Cross-Cultural Missional Partnership: Mediating Relational, Cultural, and Hermeneutical Tensions for Mutual, Faithful Missional Engagement
Date of Award
Doctor of Philosophy (Ph.D.)
Institution Granting Degree
Southeastern Baptist Theological Seminary
Cedarville University School or Department
Biblical and Theological Studies
Catholicity, contextualization, cross-cultural, Emic, Etic, missional, partnership
Cross-cultural partnerships in today’s global environment are both challenging and necessary. Misunderstanding and miscommunication often lead to conflict between culturally diverse groups. Christians must understand and evaluate their own culture, the culture of others, and the text of Scripture itself, while remaining faithful to Scripture and relevant to culture. Unmediated cultural, relational, and hermeneutical tensions combined with relational isolation lead to a myriad of problems.
This study proposes cross-cultural missional partnership as a relationship that mediates cultural, relational, and hermeneutical tensions, thereby encouraging mutual, faithful engagement in the mission of God. Cross-cultural tensions may never disappear, but within a healthy partnership, partners can assist one another in understanding and responding faithfully to Scripture within unique and diverse contexts.
Chapter one introduces the topic of partnership, defines terms, and surveys related literature. Chapter two defines challenges present because of cultural diversity as well as one-sided isolated perspectives. This chapter reviews some of the historic and contemporary problems present because of poor or missing cross-cultural relationships. Chapter three describes likely negative outcomes from unmediated tensions in these relationships. Using a diagram, chapter three emphasizes the errors of foreign control, doctrinal isolation, cultural isolation, and foreign accommodation.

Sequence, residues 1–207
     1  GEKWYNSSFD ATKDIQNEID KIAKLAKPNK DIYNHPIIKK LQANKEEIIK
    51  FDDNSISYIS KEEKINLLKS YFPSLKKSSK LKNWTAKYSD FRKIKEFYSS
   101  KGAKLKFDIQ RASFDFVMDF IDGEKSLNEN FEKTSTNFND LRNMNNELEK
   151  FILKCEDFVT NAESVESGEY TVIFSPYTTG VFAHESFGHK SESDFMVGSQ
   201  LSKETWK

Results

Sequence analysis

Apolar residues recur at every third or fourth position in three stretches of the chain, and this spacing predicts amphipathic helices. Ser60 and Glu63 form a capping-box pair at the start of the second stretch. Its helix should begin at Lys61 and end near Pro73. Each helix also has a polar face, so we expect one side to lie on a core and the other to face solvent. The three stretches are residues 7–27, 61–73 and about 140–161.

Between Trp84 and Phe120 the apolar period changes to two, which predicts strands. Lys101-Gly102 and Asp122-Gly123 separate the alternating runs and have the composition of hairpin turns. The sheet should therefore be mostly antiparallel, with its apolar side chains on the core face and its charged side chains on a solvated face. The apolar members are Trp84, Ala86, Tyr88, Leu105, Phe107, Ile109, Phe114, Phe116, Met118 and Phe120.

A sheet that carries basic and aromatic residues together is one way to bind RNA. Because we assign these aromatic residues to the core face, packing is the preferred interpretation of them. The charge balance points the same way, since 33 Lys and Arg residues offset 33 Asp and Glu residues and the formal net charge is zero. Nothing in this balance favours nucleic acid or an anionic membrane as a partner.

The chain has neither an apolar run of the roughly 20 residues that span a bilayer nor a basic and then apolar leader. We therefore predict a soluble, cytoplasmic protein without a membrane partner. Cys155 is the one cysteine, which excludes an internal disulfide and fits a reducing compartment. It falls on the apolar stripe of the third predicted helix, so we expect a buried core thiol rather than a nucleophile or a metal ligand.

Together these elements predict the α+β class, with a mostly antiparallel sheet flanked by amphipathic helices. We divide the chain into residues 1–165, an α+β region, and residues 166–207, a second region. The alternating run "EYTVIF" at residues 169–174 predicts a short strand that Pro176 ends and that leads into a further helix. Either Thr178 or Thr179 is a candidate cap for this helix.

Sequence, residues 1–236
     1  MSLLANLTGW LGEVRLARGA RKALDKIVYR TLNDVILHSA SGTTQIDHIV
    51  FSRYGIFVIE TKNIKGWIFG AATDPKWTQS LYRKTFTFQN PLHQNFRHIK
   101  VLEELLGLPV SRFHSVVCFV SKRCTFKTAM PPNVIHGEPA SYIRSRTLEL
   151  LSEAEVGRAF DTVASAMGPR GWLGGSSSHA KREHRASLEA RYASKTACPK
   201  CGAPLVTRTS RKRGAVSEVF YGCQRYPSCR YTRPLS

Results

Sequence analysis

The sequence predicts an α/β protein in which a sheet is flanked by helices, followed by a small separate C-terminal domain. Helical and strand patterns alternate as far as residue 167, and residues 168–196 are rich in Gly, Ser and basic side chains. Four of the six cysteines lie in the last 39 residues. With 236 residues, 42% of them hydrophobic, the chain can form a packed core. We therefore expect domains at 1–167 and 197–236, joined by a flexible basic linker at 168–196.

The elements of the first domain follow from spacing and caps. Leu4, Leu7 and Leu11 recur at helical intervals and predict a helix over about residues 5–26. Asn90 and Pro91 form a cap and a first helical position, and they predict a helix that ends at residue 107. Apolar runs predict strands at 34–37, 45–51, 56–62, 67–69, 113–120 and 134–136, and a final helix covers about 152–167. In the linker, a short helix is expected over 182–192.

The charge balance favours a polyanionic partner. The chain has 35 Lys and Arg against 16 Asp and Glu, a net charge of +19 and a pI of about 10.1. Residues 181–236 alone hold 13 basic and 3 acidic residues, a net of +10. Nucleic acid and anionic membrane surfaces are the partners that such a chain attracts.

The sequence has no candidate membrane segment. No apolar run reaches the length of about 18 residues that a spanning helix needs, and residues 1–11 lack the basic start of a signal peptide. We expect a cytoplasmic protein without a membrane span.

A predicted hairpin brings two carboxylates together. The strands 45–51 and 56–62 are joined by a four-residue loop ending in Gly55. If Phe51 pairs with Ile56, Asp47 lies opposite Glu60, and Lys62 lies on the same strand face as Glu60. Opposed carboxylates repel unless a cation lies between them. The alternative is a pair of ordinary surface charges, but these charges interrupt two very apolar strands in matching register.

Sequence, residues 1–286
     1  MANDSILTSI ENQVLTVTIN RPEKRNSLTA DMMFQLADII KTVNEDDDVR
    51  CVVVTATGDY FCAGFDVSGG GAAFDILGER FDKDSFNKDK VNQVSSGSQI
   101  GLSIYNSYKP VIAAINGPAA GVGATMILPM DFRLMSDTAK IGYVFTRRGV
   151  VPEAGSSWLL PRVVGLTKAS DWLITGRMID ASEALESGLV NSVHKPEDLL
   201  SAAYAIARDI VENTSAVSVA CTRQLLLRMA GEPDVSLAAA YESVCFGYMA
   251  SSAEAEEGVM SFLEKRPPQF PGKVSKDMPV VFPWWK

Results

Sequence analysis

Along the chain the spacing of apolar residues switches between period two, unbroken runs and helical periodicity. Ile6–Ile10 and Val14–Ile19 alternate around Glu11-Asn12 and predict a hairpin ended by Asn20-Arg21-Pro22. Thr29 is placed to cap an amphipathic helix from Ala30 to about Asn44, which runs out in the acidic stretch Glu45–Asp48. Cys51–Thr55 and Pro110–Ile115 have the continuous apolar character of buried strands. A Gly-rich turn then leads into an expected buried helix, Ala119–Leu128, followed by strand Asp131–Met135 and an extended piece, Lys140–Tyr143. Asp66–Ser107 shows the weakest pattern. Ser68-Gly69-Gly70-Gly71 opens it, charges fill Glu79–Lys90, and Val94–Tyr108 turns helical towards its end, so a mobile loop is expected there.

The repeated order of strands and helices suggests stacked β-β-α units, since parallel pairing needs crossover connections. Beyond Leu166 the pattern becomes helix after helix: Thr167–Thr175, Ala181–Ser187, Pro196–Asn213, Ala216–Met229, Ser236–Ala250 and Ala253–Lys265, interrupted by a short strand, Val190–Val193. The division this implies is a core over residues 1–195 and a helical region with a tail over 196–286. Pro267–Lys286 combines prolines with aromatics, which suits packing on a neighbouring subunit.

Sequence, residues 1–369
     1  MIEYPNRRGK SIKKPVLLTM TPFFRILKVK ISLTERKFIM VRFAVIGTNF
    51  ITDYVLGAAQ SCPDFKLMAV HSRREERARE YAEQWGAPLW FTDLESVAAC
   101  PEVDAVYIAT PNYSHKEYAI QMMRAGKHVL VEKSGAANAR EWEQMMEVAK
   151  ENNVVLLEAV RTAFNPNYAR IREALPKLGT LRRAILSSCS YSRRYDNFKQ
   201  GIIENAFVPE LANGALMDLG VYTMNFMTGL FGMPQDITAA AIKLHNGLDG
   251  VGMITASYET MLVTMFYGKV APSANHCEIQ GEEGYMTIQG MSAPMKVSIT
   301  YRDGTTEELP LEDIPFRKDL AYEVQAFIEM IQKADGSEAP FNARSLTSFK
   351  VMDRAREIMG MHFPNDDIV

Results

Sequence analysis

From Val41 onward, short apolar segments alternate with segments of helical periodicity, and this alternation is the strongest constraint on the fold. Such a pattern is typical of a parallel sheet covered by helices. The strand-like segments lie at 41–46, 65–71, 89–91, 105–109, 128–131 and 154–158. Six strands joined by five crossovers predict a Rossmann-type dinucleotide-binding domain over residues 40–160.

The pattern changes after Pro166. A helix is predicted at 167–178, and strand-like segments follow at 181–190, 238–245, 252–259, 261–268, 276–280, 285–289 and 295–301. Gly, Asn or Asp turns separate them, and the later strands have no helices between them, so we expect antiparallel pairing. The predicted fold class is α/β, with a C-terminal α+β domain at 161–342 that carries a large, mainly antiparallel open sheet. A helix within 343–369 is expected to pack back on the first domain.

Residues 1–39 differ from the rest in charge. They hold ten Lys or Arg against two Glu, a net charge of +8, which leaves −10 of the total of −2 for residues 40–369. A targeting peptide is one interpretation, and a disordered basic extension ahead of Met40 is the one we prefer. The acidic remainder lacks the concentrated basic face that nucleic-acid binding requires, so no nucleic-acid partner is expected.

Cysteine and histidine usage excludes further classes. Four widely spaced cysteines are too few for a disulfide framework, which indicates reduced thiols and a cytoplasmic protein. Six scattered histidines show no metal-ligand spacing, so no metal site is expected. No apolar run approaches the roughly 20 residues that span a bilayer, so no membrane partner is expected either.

Chapter four proposes catholicity as the mark of the church that provides a theological rationale for cross-cultural missional partnership today. Missional partners committed to catholicity not only defend the gospel, but also mutually encourage one another to take the whole gospel to the whole world. Chapter five defends a definition of cross-cultural missional partnership and emphasizes the positive benefits of this type of relationship.
This study concludes with a sixth chapter showing how partners’ mutual theological and cultural reflection can lead to more faithful understandings of God’s Word in particular contexts. Cross-cultural missional partners help one another more faithfully interpret and apply Scripture, thereby leading to obedience to God’s will and engagement in God’s mission.
Bowman, Joshua, "Cross-Cultural Missional Partnership: Mediating Relational, Cultural, and Hermeneutical Tensions for Mutual, Faithful Missional Engagement" (2019). Faculty Dissertations. 139.